|Publication number||US4458864 A|
|Application number||US 06/254,857|
|Publication date||Jul 10, 1984|
|Filing date||Apr 16, 1981|
|Priority date||Jan 31, 1978|
|Also published as||DE2903695A1, DE2903695C2, DE7902654U1|
|Publication number||06254857, 254857, US 4458864 A, US 4458864A, US-A-4458864, US4458864 A, US4458864A|
|Inventors||Adalgiso Colombo, Antonio Guffanti, Piero G. Marello, Marco G. Pedrazzi, Roberto Schellino, Carlo C. Valagussa|
|Original Assignee||Hosp. Ital Ll. E.M. S.P.A.|
|Export Citation||BiBTeX, EndNote, RefMan|
|Patent Citations (15), Non-Patent Citations (6), Referenced by (50), Classifications (12), Legal Events (5)|
|External Links: USPTO, USPTO Assignment, Espacenet|
This is a continuation of application Ser. No. 005,797 filed Jan. 23, 1979, now abandoned.
This invention relates to a medical complex or series of complexes with constructional characteristics which make them suitable for transportation by a standard aircraft, such as to convert it into an ambulance aircraft. Each complex is constituted by the necessary medical equipment and fittings disposed and fixed in a suitable container which can be anchored to the aircraft by suitable devices. Hereinafter, the term "medical complex" will be abbreviated to "complex".
The present invention also relates to complexes for enabling them to operate on the ground and for facilitating their loading into and unloading from the aircraft. Ambulance aircraft of a first type are known, which are suitable for transporting the injured to the nearest hospital where the necessary operations and treatments are to be carried out, but these have the serious limitation of not enabling operations to be carried out on the scene of the incident.
Ambulance aircraft of a second type are also known, which are permanently fitted with medical and surgical equipment to enable the injured to be directly treated at the scene of the incident, so avoiding subjecting them to the risks incurred in emergency transportation before the urgent operation. Although these aircraft have obvious advantages over those of the first type, they have certain drawbacks, the greatest of which is the small amount of time for which they are used, and in fact they remain unused for most of the time.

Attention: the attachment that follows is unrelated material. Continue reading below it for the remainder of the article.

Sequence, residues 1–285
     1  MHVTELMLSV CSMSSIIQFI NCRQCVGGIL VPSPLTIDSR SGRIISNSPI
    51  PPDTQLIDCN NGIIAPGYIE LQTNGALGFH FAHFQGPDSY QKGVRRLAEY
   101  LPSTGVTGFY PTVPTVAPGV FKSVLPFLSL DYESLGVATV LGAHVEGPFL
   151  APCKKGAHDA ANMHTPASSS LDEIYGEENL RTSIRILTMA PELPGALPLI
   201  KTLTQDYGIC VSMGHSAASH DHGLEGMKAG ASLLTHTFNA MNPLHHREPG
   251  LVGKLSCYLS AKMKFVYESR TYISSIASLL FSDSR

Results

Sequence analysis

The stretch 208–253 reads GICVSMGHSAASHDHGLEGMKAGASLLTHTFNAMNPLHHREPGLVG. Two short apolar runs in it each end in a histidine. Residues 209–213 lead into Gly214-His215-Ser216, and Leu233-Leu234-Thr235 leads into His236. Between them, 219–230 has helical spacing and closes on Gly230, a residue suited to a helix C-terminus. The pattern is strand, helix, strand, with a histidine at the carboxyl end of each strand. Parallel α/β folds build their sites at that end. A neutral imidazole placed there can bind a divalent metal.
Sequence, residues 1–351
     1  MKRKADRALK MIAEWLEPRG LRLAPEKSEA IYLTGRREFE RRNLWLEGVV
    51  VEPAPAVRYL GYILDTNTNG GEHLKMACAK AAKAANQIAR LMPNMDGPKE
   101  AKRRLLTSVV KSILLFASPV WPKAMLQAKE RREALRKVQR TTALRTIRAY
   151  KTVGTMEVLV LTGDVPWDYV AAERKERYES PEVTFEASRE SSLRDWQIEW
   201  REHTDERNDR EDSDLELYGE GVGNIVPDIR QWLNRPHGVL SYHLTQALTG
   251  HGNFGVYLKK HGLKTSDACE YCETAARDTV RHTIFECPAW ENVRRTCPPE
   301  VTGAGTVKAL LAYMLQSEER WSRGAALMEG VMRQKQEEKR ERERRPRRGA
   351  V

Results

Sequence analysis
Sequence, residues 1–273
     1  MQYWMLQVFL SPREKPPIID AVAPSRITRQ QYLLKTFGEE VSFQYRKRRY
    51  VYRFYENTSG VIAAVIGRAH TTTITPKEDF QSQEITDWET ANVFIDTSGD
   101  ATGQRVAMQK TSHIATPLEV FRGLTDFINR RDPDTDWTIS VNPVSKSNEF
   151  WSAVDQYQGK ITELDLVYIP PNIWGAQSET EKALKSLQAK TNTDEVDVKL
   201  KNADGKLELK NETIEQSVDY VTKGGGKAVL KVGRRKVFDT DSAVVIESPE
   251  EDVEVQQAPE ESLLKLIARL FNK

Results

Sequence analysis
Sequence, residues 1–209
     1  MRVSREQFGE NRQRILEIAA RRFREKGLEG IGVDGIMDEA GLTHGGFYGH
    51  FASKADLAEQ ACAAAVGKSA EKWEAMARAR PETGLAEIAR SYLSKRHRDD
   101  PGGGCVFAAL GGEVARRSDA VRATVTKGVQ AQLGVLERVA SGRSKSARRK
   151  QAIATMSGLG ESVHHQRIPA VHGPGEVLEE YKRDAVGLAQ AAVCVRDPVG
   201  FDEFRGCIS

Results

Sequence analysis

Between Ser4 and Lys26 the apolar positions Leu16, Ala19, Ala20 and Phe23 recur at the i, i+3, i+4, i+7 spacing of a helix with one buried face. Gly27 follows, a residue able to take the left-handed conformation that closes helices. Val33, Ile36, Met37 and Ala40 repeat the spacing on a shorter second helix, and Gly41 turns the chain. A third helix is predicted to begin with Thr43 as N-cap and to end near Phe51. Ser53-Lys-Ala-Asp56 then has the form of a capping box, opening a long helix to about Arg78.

In addition, in order to effectively cover the vast range of emergency operations on persons suffering as a result of war, fire, epidemics, traffic accidents, and natural events such as earthquakes, avalanches, floods, etc., it would be necessary to have available various ambulance aircraft each different from the other, according to its specific function.
This would therefore immobilise costly aircraft for their entire life, and their periods of operation would cover only a minimum part of the flying time for which the aircraft were constructed. Finally, during ordinary maintenance, emergency maintenance and/or modifications to the instrumentation or medical and surgical equipment, the ambulance aircraft of the second type is not available for service.
The present invention obviates the aforesaid drawbacks, and presents other advantages which will be apparent from the following description.
The present invention provides a medical complex (or several complexes, as will be apparent hereinafter) for installation in a standard aircraft in order to convert it into an ambulance aircraft, which is able to operate both on the ground and in flight, and is essentially constituted by an integrated assembly of medical equipment and fittings, an outer container and a general services network, the complex being able to be anchored to the aircraft in a removable manner, so enabling it to be unloaded at its place of destination.
Several complexes can obviously be connected together to form an effective integrated unit.